• John Kirsch says:

        JSA, I remember reading somewhere that if the events of 11/22 had happened in another country, many Americans would have concluded that the leader in question had been killed by a conspiracy. But many if not most Americans are unable to conceive of that happening here. It’s like a mental block. The fancy phrase for it is “American Exceptionalism.” The irony is that it HAS happened here. I’m thinking of the Lincoln assassination.

        • JSA says:

          I think there IS a mental block with many Americans, particularly those of older persuasion who grew up learning American history in the 1940′s, 50′s and 60′s in public schools. I’ve asked them why they can’t fathom a military/intel (LBJ also) conspiracy, and they say they just can’t accept that that kind of thing could or would happen here. But you’re right; Lincoln was killed as the result of a conspiracy, perhaps hatched by the Confederate government after the failed Dalgren raid by Federal forces to try to sound out a kidnapping/assassination of Jefferson Davis, in 1863. We know that Lincoln was killed by Booth and that his co-conspirators helped try to bring down the US government in April of 1865, but we probably will never know how far the plans reached. Perhaps just with Booth and a few others, or maybe deeper? As for Kennedy, I think we DO know who the main culprits were. Knowing is one thing. Accepting facts, however ugly they may be, is another. I’ve said it before: We Americans are a not all bad or all good. We are PEOPLE. Just like anyone else. We share a common history and mostly share the same basic culture, and we share the same basic ideals, even when divided as we are now, like we were prior to the Civil War. I’m interested in getting the facts straight, and “Damn the Torpedoes” to borrow from USN Admiral Farragut (Mobile Bay, 1864).

    • Jonathan says:

      My reading convinces me JFK distrusted the CIA after the Bay of Pigs but did trust his military leaders. In the run-up to the Bay of Pigs invasion, Richard Bissell was confidently predicting success, while Lyman Lemnitzer was cautioning that the CIA’s plan had little chance of success against Castro’s forces.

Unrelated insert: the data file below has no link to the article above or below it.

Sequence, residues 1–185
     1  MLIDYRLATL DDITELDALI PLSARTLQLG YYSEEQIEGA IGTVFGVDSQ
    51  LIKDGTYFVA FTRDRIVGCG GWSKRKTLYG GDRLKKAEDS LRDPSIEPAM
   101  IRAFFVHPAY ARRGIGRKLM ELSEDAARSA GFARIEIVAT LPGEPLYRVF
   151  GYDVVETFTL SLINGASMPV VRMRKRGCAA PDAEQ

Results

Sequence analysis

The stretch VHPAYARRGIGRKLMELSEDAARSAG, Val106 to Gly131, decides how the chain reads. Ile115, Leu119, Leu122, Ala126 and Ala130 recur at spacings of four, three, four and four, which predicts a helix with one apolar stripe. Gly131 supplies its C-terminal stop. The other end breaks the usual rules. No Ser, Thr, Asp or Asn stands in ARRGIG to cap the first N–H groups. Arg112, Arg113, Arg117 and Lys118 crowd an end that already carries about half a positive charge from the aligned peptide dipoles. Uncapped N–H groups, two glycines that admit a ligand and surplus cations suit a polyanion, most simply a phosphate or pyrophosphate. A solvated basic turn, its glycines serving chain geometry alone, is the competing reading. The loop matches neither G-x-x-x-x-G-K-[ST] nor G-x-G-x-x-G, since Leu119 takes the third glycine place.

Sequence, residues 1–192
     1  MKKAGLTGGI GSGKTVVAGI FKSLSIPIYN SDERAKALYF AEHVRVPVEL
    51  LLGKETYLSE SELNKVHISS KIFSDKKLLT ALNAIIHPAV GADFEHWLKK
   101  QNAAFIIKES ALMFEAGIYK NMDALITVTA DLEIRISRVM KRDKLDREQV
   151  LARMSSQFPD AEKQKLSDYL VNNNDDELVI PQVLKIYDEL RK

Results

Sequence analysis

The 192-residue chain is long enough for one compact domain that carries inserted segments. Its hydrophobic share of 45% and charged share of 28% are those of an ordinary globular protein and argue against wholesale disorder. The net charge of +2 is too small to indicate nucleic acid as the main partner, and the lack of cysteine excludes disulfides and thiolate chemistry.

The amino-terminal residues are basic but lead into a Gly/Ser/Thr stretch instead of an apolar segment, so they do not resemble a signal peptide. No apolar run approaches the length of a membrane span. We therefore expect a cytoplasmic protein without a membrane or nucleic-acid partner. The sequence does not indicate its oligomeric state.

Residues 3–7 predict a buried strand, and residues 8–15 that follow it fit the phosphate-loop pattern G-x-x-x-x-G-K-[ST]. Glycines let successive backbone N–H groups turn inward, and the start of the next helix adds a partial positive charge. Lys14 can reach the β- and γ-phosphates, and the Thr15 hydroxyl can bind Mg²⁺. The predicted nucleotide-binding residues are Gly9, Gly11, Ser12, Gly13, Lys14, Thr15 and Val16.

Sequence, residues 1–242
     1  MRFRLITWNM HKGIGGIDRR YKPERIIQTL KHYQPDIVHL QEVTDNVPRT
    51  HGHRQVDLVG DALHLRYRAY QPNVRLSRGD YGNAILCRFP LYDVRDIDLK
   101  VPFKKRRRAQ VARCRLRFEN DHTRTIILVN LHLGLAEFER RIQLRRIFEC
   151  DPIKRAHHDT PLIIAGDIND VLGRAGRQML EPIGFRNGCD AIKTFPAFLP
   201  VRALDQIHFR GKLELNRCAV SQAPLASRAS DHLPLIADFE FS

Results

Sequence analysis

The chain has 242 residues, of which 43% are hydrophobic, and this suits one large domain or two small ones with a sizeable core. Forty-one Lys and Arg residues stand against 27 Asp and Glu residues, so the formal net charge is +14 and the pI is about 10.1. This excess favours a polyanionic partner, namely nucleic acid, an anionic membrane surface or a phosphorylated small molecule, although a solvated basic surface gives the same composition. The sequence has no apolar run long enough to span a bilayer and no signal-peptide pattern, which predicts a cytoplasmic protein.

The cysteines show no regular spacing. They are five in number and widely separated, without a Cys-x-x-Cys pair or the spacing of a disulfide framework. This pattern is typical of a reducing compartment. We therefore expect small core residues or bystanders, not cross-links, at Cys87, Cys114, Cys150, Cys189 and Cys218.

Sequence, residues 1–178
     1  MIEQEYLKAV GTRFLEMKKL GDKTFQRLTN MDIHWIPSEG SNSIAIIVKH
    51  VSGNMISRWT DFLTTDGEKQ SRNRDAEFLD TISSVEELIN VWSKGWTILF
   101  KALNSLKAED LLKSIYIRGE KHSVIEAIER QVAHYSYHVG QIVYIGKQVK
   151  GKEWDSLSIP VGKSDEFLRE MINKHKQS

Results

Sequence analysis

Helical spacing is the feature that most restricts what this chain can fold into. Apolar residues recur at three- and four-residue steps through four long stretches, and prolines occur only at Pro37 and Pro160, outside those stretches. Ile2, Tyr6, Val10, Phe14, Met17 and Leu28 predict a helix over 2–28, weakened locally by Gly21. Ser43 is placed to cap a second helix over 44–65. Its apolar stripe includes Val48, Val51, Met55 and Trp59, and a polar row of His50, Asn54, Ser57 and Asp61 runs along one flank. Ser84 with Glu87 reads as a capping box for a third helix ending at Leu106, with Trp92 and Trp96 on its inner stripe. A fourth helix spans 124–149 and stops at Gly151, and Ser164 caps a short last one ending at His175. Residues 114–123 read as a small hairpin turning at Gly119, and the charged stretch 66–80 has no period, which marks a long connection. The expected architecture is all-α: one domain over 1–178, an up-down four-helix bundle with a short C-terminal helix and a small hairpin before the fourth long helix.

After the Bay of Pigs, JFK created the Defense Intelligence Agency (DIA) in the Pentagon and tried to transfer a lot of CIA responsibility to DIA. Problem was, Angleton and others in the CIA covertly thwarted his every move.

      When JFK fired Dulles, Bissell, and Cabell, he also should have fired Angleton, David Atlee Phillips, E. Howard Hunt, and some others.

      • JSA says:

        I think Kennedy should have NEVER accepted Lyndon Johnson as his running mate, in 1960, and should have chosen Stuart Symington instead. Barring that, I think JFK should have had his brother work to get Lyndon out in 1962 instead of 1963 (if you believe that the LIFE Magazine scandal and hearings on Bobby Baker/leading to LBJ were true, fed by Bobby, as I do). 1962 was an election year, but even so I don’t think Lyndon Johnson had much to rely on by then. It would have been extremely ugly, and LBJ would have probably played the Addison’s card as well as the sexual scandal card, but I don’t think that would have been enough to save him. Then Kennedy could have chosen a more amenable Vice President, one whom the military didn’t like or trust. I think having Lyndon Johnson on the ticket sealed the deal however, and Kennedy was doomed from June of 1960 onward.

        • Jonathan says:

          JFK made mistakes.

          The greatest was inviting LBJ to be his VP.

          JFK was a rookie. He did not understand hardball. Or those throwing him hard balls, sliders, and curves.

          When you are a prince or a king, you control the game.